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Ondrisek v. United States Citizenship and Immigration Services

United States District Court, D. Nevada

September 23, 2019

VACLAV ONDRISEK and VANESSA ONDRISEK, Plaintiffs
v.
UNITED STATES CITIZENSHIP AND IMMIGRATION SERVICES, Defendant

          ORDER GRANTING MOTION TO DISMISS [ECF NO. 28]

          ANDREW P. GORDON UNITED STATES DISTRICT JUDGE.

         Plaintiffs Vaclav and Vanessa Ondrisek filed this lawsuit seeking special and general damages and an order that Vaclav Ondrisek (Vaclav) shall not be removed from the United States. ECF No. 8. Defendant United States Citizenship and Immigration Services (USCIS) moves to dismiss, arguing I have no subject matter jurisdiction to award damages or to order that Vaclav not be removed from the United States. ECF No. 28.

         Because the Ondriseks have not adequately demonstrated the government’s waiver of sovereign immunity, I grant USCIS’s motion to dismiss. However, out of an abundance of caution and because it is not clear that amendment would be futile, I grant the Ondriseks 30 days to file a motion for leave to file a second amended complaint. The motion shall include a proposed amended complaint and must explain how they intend to overcome the obstacles identified by USCIS.

         I. BACKGROUND

         The Ondriseks filed their complaint pro se. ECF No. 4. After I referred them to the Pro Bono Program, they obtained pro bono counsel. ECF Nos. 5 and 6.

         Vaclav is a citizen of the Czech Republic. ECF No. 8 at 2. He entered the United States on a visitor visa on about February 5, 2000. Id. On May 21, 2002, Vaclav was charged with removability for overstaying his visitor visa and accepting unauthorized employment. Id. The removal proceedings are ongoing. Id. at 3.

         In April 2003, Vaclav married his first wife, a United States citizen, who filed an I-130 Petition for Alien Relative on Vaclav’s behalf. Id. at 2. The petition was initially denied but later approved following an appeal. Id. However, because Vaclav had divorced his first wife and remarried another United States citizen, the immigration court denied his request to terminate removal proceedings. Id. On May 9, 2018, USCIS interviewed Vaclav’s second wife, plaintiff Vanessa Ondrisek, regarding her I-130 petition that she submitted on Vaclav’s behalf. Id. at 3. On June 11, 2018, USCIS served the Ondriseks with Notice of Intent to Deny their I-130 petition; four days later the Ondriseks provided evidence that their marriage is bona fide. Id. The I-130 petition is still under review, as USCIS has not issued a final decision. See Id . at 3-4.

         Vaclav contends that USCIS violated his procedural due process rights under the Fifth and Fourteenth Amendments to the United States Constitution by failing to approve the second I-130 petition. Id. at 3. Vaclav claims actual harm as a result of the delay in processing the I-130 petition, including the loss of his commercial driver’s license and accompanying livelihood. Id. at 3-4. Vaclav has child support obligations to his first wife, and as of July 2018 he was expecting a child with his current wife Vanessa. Id.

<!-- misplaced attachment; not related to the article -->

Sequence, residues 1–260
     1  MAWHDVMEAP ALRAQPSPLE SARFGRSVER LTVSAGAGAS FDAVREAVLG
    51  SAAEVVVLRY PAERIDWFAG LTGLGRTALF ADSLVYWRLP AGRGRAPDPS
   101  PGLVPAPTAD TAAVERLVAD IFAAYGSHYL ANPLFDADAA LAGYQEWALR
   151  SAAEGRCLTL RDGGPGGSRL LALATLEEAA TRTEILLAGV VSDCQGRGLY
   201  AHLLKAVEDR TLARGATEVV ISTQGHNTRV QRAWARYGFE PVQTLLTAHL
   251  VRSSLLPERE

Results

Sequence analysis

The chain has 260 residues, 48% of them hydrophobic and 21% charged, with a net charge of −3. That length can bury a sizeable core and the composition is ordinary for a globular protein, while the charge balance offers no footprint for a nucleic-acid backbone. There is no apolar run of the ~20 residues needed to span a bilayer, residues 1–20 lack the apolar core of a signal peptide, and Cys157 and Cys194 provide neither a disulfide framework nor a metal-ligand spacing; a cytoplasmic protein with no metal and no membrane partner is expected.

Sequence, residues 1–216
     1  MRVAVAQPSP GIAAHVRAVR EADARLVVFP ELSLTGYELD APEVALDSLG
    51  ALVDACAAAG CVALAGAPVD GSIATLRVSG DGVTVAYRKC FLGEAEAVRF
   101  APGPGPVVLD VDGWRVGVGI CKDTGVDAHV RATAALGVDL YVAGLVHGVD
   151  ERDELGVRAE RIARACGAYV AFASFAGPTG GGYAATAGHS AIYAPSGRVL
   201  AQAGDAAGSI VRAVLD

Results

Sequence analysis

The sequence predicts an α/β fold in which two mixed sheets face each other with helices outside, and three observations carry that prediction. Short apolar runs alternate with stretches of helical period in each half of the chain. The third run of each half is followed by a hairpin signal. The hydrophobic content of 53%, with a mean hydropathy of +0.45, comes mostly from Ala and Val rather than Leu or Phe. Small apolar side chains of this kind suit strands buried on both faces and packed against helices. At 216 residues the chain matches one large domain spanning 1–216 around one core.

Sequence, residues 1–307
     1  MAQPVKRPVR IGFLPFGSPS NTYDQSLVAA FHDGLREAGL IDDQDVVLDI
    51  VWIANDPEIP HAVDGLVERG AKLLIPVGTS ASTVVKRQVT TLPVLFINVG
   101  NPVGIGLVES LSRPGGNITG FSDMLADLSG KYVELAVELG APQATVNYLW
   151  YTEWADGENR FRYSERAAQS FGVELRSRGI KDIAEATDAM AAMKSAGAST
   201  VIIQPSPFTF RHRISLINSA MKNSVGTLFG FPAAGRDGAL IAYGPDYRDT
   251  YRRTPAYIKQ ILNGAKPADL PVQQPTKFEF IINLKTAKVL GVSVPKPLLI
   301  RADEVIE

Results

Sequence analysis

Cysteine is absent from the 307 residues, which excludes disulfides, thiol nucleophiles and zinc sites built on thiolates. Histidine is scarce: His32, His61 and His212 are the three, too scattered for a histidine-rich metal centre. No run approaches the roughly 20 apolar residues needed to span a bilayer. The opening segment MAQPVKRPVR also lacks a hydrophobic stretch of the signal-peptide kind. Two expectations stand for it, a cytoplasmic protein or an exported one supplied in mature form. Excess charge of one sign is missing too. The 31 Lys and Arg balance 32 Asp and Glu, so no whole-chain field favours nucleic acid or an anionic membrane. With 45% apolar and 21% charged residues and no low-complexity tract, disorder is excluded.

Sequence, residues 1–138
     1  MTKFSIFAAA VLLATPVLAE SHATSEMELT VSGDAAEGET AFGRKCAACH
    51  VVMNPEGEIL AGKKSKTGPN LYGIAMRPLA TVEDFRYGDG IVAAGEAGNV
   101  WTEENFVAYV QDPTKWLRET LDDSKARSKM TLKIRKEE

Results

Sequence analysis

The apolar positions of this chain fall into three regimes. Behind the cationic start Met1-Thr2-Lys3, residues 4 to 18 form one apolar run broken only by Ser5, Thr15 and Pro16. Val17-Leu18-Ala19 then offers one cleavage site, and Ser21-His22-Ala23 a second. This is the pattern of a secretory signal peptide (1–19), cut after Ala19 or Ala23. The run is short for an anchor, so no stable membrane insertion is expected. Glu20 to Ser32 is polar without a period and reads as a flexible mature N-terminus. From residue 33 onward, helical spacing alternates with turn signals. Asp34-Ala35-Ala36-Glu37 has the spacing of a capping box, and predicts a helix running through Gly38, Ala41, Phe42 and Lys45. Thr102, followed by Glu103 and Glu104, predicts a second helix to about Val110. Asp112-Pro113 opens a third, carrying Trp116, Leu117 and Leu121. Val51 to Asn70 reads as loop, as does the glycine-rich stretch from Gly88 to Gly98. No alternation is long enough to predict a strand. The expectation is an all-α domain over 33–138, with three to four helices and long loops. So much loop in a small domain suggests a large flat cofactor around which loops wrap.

II. LEGAL STANDARD

         A complaint must be dismissed for lack of subject matter jurisdiction. Fed.R.Civ.P. 12(b)(1); Arbaugh v. Y&H Corp., 546 U.S. 500, 514 (2006) (“[W]hen a federal court concludes that it lacks subject-matter jurisdiction, the court must dismiss the complaint in its entirety.”). A jurisdictional attack under Rule 12(b)(1) “may be facial or factual.” Safe Air for Everyone v. Meyer, 373 F.3d 1035, 1039 (9th Cir. 2004). “In a facial attack, the challenger asserts that the allegations contained in a complaint are insufficient on their face to invoke federal jurisdiction.” Id. In resolving a facial attack, courts must “assume [the plaintiffs’] allegations to be true and draw all reasonable inferences in [their] favor.” Wolfe v. Strankman, 392 F.3d 358, 362 (9th Cir. 2004). “By contrast, in a factual attack, the challenger disputes the truth of the allegations that, by themselves, would otherwise invoke federal jurisdiction.” Safe Air, 373 F.3d at 1039. Because the Ondriseks are invoking the court’s jurisdiction, they bear the burden of proving that the case is properly in federal court. In re Ford Motor Co./Citibank (S. Dakota), N.A., 264 F.3d 952, 957 (9th Cir. 2001).

         USCIS contends that the allegations in the amended complaint are insufficient on their face to establish subject matter jurisdiction. Whether subject matter jurisdiction exists therefore does not depend on resolution of a factual dispute, but rather on the allegations in the complaint. I thus assume that the complaint’s allegations are true and draw all reasonable inferences in the Ondriseks’s favor.

         III. DISCUSSION

         A. Sovereign Immunity

         The Ondriseks have failed to meet their burden of “showing an unequivocal waiver of [sovereign] immunity.” Baker v. United States, 817 F.2d 560, 562 (9th Cir. 1987). They assert that their claim falls within the court’s federal question jurisdiction under 28 U.S.C. § 1331. Because they allege a due process claim under the United States Constitution, their claim is a federal question arising under federal law, as § 1331 requires. However, “[s]ection 1331 does not waive the government’s sovereign immunity from suit.” Holloman v. Watt, 708 F.2d 1399, 1401 (9th Cir. 1983). Further, “the analysis of jurisdiction cannot stop with § 1331, because the claims in this case are . . . against the federal government, and thus are barred by sovereign immunity unless the government has consented to suit.” N. Side Lumber Co. v. Block, 753 F.2d 1482, 1484 (9th Cir. 1985). The Ondriseks do not identify a waiver of sovereign immunity so I lack subject matter jurisdiction. See Id . at ...


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